Journal metrics

Journal metrics

  • IF value: 8.792 IF 8.792
  • IF 5-year value: 8.414 IF 5-year 8.414
  • CiteScore value: 8.18 CiteScore 8.18
  • SNIP value: 2.620 SNIP 2.620
  • SJR value: 4.885 SJR 4.885
  • IPP value: 7.67 IPP 7.67
  • h5-index value: 28 h5-index 28
  • Scimago H index value: 24 Scimago H index 24
Volume 10, issue 4 | Copyright

Special issue: Hydrometeorological data from mountain and alpine research...

Earth Syst. Sci. Data, 10, 1795-1805, 2018
https://doi.org/10.5194/essd-10-1795-2018
© Author(s) 2018. This work is distributed under
the Creative Commons Attribution 4.0 License.

  09 Oct 2018

09 Oct 2018

Spatially distributed water-balance and meteorological data from the rain–snow transition, southern Sierra Nevada, California

Roger Bales1, Erin Stacy1, Mohammad Safeeq1, Xiande Meng1, Matthew Meadows1,a, Carlos Oroza2, Martha Conklin1, Steven Glaser2, and Joseph Wagenbrenner3 Roger Bales et al.
  • 1Sierra Nevada Research Institute, University of California, Merced, California, USA
  • 2Department of Civil and Environmental Engineering, University of California, Berkeley, California, USA
  • 3USDA Forest Service, Pacific Southwest Research Station, Arcata, California, USA
  • anow at: Kings River Watershed Association, Fresno, California, USA

Abstract. We strategically placed spatially distributed sensors to provide representative measures of changes in snowpack and subsurface water storage, plus the fluxes affecting these stores, in a set of nested headwater catchments. The high temporal frequency and distributed coverage make the resulting data appropriate for process studies of snow accumulation and melt, infiltration, evapotranspiration, catchment water balance, (bio)geochemistry, and other critical-zone processes. We present 8 years of hourly snow-depth, soil-moisture, and soil-temperature data, as well as 14 years of quarter-hourly streamflow and meteorological data that detail water-balance processes at Providence Creek, the upper part of which is at the current 50% rain versus snow transition of the southern Sierra Nevada, California. Providence Creek is the long-term study cooperatively run by the Southern Sierra Critical Zone Observatory (SSCZO) and the USDA Forest Service Pacific Southwest Research Station's Kings River Experimental Watersheds (KREW). The 4.6km2 montane Providence Creek catchment spans the current lower rain–snow transition elevation of 1500–2100m. Two meteorological stations bracket the high and low elevations of the catchment, measuring air temperature, relative humidity, solar radiation, precipitation, wind speed and direction, and snow depth, and at the higher station, snow water equivalent. Paired flumes at three subcatchments and a V-notch weir at the integrating catchment measure quarter-hourly streamflow. Measurements of meteorological and streamflow data began in 2002. Between 2008 and 2010, 50 sensor nodes were added to measure distributed snow depth, air temperature, soil temperature, and soil moisture within the top 1m below the surface. These sensor nodes were installed to capture the lateral differences of aspect and canopy coverage. Data are available at hourly and daily intervals by water year (1 October–30 September) in nonproprietary formats from online data repositories. Data for the Southern Sierra Critical Zone Observatory distributed snow and soil datasets are at https://doi.org/10.6071/Z7WC73. Kings River Experimental Watersheds meteorological data are available from https://doi.org/10.2737/RDS-2018-0028 and stream-discharge data are available from https://doi.org/10.2737/RDS-2017-0037.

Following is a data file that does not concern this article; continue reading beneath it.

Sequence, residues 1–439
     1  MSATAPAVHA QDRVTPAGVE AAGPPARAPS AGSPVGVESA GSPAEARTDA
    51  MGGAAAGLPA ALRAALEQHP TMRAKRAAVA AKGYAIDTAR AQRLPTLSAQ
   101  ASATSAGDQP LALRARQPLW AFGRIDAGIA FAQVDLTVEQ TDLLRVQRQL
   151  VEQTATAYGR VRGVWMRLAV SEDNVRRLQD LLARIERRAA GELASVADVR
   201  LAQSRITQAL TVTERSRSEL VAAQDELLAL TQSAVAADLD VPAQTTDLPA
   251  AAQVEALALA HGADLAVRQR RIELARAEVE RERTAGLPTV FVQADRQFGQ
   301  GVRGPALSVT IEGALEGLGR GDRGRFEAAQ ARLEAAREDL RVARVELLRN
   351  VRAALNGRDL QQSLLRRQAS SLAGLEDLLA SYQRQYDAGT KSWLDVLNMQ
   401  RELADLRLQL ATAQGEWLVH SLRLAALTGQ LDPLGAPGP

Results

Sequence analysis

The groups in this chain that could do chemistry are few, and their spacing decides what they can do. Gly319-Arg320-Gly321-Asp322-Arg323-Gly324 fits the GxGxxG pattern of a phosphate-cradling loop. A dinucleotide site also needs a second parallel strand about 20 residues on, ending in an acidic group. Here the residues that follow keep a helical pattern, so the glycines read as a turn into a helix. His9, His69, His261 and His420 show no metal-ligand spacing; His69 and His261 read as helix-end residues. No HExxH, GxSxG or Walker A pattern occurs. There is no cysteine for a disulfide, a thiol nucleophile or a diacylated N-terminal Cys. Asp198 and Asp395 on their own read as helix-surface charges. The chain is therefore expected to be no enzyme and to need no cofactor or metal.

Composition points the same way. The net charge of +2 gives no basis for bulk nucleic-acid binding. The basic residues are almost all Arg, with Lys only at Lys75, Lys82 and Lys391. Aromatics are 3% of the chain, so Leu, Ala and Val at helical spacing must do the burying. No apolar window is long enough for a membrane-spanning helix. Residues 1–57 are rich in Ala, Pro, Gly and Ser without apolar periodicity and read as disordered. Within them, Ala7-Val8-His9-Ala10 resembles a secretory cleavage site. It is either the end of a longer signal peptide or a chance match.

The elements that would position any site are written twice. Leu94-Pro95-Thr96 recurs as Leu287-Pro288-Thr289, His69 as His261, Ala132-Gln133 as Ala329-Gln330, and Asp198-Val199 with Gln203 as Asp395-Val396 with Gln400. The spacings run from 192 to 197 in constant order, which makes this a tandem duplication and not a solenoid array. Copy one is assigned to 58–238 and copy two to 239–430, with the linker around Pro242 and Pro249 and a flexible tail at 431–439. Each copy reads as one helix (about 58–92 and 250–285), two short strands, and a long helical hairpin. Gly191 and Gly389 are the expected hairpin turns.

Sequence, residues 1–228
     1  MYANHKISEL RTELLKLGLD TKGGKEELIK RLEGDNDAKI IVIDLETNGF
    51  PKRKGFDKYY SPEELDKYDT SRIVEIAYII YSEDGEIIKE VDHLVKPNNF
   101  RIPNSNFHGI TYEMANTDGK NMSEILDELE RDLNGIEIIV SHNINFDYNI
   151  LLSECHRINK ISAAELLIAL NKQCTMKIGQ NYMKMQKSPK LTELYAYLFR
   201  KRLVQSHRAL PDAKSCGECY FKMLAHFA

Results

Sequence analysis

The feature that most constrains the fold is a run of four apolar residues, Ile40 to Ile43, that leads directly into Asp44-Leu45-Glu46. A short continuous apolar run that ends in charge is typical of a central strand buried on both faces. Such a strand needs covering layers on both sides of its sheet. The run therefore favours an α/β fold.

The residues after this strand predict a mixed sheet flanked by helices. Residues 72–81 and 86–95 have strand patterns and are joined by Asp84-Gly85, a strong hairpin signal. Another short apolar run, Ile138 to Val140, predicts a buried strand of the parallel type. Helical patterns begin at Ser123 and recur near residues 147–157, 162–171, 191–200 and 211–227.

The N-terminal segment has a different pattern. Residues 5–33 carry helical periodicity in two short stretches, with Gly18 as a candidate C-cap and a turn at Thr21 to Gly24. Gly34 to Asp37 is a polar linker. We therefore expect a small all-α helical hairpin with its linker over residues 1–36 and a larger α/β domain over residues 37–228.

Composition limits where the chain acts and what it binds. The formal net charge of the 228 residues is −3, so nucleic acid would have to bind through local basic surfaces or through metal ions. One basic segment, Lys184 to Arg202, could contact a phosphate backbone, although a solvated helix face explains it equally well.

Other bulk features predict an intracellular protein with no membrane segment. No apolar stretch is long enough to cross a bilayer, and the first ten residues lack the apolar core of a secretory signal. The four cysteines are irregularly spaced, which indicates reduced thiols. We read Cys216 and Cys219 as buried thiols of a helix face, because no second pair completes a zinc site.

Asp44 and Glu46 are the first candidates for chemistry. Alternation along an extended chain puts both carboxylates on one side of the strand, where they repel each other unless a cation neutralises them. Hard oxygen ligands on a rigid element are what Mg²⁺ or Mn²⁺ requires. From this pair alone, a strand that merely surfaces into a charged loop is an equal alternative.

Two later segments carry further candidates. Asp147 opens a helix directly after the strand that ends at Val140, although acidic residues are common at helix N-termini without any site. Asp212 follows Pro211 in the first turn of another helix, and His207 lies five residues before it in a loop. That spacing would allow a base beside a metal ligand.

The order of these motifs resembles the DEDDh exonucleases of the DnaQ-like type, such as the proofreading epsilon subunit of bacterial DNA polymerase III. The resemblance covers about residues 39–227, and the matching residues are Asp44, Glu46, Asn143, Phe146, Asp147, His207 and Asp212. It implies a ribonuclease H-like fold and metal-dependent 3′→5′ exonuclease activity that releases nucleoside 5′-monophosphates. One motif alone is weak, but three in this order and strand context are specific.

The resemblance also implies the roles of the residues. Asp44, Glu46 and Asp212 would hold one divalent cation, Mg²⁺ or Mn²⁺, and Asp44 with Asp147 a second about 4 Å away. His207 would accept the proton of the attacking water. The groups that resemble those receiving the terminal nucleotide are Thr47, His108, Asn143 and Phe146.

Special issue
Download
Short summary
Strategically placed, spatially distributed sensors provide representative measures of changes in snowpack and subsurface water storage, plus the fluxes affecting these stores, in a set of nested headwater catchments. We present 8 years of hourly snow-depth, soil-moisture, and soil-temperature data from hundreds of sensors, as well as 14 years of streamflow and meteorological data that detail processes at the rain–snow transition at Providence Creek in the southern Sierra Nevada, California.
Strategically placed, spatially distributed sensors provide representative measures of changes...
Citation
Share